First- and Second-Home Buyers Can Expect Discounts in 2019
Data: Knight Frank research; Douglas Elliman; S&P Case-Shiller Corelogic; ImmobilienScout24
In 2019 every market indicator points to things getting worse for sellers. London, Amsterdam, Hong Kong, Munich, Toronto, and Vancouver are all at risk of property bubbles and their subsequent deflation, according to a report by UBS Group AG.
“In the United States, if you look at the data it’s crystal clear,” says Jon Woloshin, the head of real estate for UBS Global Wealth Management’s chief investment office. In the luxury tier, which Woloshin pegs at about $3,000 a square foot and higher, “there’s been a clear slowdown in the market,” he says. Foreign buyers, particularly wealthy Chinese, have pulled back in part because of a strong dollar, while rising interest rates are making domestic homeownership less attractive. That means more supply.
In the London market, prohibitively high asking prices, combined with Brexit uncertainty, have slowed the housing market to a crawl. In September prices of homes sold fell 0.7 percent from a year earlier, the Office for National Statistics reports. Compare that to as recently as March 2016, when price growth was 14.8 percent year over year. That slowdown could accelerate. “If this is truly a hard Brexit and there’s a loss of passporting, or if that becomes more challenging, then I start to question if there’s a potential for a ripple effect into residential real estate,” Woloshin says.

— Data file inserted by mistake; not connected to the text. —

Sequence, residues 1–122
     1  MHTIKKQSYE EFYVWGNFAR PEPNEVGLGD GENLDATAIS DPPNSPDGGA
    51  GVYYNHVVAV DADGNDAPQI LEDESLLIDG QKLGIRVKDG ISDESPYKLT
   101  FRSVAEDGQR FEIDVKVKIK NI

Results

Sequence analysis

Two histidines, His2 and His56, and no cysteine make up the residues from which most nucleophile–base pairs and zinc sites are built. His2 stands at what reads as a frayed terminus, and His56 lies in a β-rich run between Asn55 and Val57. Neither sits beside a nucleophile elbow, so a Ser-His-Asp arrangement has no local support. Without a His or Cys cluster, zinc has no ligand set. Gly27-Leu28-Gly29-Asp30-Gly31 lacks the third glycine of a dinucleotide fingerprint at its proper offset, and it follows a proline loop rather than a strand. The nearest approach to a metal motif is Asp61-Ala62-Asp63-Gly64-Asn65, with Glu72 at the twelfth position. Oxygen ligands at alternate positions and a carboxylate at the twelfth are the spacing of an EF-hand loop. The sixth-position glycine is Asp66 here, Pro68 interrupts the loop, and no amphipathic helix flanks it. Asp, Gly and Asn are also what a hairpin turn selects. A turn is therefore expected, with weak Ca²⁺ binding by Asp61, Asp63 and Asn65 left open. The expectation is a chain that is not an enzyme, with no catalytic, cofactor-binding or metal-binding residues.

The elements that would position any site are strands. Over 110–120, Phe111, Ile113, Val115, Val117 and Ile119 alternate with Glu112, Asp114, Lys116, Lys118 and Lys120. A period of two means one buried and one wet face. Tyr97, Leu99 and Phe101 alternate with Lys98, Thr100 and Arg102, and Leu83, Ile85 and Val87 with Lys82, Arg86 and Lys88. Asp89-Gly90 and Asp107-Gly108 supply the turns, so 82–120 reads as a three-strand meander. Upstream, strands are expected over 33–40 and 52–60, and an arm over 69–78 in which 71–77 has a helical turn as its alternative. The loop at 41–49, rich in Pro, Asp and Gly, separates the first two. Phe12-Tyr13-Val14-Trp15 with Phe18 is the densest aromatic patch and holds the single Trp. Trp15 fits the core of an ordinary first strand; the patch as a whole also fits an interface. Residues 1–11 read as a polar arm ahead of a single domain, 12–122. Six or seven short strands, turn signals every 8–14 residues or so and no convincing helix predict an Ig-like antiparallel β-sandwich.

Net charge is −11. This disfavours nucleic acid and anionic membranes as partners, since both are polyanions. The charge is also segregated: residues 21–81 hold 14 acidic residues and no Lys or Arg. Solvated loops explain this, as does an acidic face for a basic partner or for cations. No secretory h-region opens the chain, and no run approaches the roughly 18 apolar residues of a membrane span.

The market slowdown isn’t only in financial centers; it’s also where people in those financial centers vacation. Home prices in the Hamptons on New York’s Long Island are down, and inventories are up. Average sales prices in Aspen, Colo., fell 13 percent in the third quarter of 2018 from the same period the previous year, a report by Douglas Elliman Real Estate shows. And in Switzerland, posh resort towns such as Verbier saw prices fall modestly by mid-2018, according to a Knight Frank report in May.
Possibly the greatest threat to sellers’ home prices is excessive supply. “We forecasted last year that in 2018 there would be about 3,000 new condominium units coming” in New York City, says Jonathan Miller, the president of the appraiser Miller Samuel Inc. The city’s softening home prices have gotten a lot of attention—last quarter, the median price in Manhattan dropped below $1 million for the first time in three years.
“What was different in 2018, and will be even more marked in 2019, is that there will also be product coming onto the market that was held back in 2016, when the market started to soften.” Developers can’t afford to keep holding back, so more apartments are entering the market even as fewer people are buying. “Every year the cumulative inventory keeps rising,” Miller says. He estimates that by the end of 2019, there will be almost 8,000 units on the market; only about 2,000 of those are expected to sell. And that’s just new apartments—resales add significantly to the total.
The inventory issue is widespread. “The national statistics pivoted about six months ago, where we started to go negative,” Miller says. “Not a sharp correction or anything, but inventory is rising. And what happens? Prices slide or at least slow their rate of growth.”
All of this means that 2019 is shaping up to be a depressing, albeit probably not disastrous, year for home sellers. “Probably, 2019 will be more favorable to buyers,” Woloshin says. Miller agrees: “And some people don’t know it yet. Those people are the sellers.”
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